As nap time was quickly approaching, I woefully decided to skip Carter Mountain’s famous home-made apple cider donuts (“Next year” I keep telling myself) and headed into the barn to pay for our pickings. Carter Mountain does take credit cards (VISA and MasterCard only), but there’s a $7 minimum charge. With their apples costing $1.19 per pound and our toddler-sized spoils only weighing in at only around five pounds, my cash-free self was left to snag a few additional items to be able to use plastic. Grandma’s Country Store was happy to oblige, and I SOMEHOW convinced myself to throw some festive decorations in with the lot. (I have a thing about gourds. It’s called love.)
On our way back to the car, we ran into a friend of mine from our neighborhood with her husband and two kids in tow. I think the physical stress of the morning was showing on my face because she asked gently, “So. How did it go?”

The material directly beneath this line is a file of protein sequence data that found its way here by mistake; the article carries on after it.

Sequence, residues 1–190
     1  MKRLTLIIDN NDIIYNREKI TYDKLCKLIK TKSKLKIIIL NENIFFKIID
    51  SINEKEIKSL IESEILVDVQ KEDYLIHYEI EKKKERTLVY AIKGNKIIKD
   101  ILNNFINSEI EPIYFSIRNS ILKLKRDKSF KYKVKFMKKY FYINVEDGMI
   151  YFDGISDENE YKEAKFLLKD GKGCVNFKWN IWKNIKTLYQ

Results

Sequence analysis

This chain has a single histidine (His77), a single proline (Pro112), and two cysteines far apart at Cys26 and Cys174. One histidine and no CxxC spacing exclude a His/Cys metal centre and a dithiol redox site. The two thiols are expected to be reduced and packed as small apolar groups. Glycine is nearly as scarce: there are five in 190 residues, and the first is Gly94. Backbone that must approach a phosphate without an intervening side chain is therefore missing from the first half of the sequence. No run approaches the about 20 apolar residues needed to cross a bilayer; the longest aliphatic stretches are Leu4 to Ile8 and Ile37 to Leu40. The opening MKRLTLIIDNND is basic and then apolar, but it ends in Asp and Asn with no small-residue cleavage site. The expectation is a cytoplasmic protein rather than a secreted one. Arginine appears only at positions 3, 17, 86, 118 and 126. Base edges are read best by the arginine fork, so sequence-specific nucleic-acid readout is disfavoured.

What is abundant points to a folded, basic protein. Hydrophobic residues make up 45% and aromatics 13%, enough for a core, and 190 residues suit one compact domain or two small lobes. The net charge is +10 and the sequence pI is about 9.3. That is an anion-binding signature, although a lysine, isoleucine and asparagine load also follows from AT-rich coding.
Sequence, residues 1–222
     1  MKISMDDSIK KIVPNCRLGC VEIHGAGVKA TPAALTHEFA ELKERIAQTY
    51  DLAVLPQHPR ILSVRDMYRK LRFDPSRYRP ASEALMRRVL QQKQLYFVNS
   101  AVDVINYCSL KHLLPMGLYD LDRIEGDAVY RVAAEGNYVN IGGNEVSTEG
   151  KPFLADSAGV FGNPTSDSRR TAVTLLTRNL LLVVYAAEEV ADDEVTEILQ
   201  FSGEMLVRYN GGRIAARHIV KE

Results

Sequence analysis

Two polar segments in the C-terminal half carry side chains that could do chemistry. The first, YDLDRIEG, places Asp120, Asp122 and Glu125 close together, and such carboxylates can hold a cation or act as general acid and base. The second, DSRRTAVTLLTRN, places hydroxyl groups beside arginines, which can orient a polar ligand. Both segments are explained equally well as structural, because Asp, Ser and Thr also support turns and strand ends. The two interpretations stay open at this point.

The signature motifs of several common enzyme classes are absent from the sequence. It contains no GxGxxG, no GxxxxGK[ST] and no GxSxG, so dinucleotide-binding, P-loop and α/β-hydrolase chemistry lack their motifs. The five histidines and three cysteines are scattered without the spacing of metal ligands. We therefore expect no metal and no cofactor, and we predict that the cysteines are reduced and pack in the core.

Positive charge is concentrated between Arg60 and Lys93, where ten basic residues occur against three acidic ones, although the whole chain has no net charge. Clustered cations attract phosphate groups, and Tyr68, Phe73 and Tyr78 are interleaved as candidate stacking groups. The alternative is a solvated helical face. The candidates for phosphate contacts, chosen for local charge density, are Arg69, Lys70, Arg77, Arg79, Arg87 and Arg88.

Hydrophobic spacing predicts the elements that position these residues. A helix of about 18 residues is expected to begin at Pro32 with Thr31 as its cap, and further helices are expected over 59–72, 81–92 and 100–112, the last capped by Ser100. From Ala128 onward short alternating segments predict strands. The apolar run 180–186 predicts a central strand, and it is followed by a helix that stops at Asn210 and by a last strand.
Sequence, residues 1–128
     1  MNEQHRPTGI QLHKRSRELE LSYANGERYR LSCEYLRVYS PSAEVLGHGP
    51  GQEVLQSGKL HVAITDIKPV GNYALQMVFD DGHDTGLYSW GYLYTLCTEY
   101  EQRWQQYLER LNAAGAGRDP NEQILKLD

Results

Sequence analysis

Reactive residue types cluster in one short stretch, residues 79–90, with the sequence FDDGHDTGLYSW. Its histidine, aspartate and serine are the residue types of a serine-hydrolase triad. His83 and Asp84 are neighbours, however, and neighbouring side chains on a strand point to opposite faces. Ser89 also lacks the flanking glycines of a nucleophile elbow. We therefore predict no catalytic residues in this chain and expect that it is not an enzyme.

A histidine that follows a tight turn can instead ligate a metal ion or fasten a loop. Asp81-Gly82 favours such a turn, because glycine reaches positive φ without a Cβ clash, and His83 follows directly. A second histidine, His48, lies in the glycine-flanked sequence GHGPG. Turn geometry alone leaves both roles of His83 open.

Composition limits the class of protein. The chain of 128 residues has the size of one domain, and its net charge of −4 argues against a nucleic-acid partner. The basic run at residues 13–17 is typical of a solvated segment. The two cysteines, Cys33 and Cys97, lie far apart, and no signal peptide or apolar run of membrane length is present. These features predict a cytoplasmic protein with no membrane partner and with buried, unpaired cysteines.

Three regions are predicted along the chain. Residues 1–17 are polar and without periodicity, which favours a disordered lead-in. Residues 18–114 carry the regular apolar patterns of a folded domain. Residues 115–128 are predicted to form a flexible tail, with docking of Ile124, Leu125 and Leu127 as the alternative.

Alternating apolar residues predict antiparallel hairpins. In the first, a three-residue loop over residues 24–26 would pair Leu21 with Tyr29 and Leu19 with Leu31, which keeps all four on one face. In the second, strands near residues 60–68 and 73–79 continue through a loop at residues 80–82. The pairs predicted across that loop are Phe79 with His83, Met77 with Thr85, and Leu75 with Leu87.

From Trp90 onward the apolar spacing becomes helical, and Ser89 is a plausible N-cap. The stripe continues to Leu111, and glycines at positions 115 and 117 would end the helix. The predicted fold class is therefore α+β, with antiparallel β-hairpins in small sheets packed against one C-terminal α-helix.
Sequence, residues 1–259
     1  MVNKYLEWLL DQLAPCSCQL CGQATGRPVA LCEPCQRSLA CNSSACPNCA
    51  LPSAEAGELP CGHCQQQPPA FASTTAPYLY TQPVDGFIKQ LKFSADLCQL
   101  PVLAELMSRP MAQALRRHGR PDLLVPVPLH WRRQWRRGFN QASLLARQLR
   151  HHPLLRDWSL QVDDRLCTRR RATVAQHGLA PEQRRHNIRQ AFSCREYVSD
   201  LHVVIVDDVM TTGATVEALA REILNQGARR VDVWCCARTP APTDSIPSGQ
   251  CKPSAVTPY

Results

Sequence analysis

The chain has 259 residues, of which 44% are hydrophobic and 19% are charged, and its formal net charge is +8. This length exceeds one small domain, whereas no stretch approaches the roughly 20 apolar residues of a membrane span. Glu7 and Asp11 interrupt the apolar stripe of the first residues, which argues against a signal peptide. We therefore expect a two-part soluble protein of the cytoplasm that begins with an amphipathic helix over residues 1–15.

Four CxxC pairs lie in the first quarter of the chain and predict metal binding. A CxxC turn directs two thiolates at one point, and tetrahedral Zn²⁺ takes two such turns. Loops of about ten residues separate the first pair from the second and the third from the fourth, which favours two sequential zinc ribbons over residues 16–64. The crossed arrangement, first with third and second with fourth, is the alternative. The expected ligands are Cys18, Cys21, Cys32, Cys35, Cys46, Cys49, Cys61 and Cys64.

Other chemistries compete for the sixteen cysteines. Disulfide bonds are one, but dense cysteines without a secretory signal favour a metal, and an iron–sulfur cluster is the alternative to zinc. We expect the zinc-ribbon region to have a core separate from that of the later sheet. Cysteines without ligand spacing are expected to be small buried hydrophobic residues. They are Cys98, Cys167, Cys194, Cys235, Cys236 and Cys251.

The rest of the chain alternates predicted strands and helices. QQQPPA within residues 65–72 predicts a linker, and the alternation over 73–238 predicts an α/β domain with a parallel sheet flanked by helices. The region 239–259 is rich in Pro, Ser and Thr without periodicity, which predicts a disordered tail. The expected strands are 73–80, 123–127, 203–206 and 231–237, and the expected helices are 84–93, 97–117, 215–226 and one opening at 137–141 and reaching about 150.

“It went well!” I said hurriedly, the pitch of my voice rising as the sentence progressed. “It’s just good that you’ve got some help with you. We didn’t end up picking a lot.”
“Well that’s ok,” she told me. “At this age, it’s all about exposure. And as long as he had fun, that’s all you can really ask for, right?”
She was exactly right. On the way back down the mountain, I looked in the rear view mirror and saw JR conked out in his car seat, mouth hanging open, with an apple lovingly cradled in the crook of his arm.
Yeah. I’d say we did good. And we’ll definitely be back next year.
With boots, of course.
— ∮∮∮ —
Carter Mountain Orchard is open daily from 9am to 6pm through November 5th and from 9am to 5pm November 6th through November 27th (closed Thanksgiving Day). In addition to apple picking, you can also check out Aunt Sarah’s Bakery and Mountain Grill (that’s where you’ll find those donuts), Grandma’s Country Store, and their on-site Wine Shop with daily tastings of wine made from grapes grown right on the property.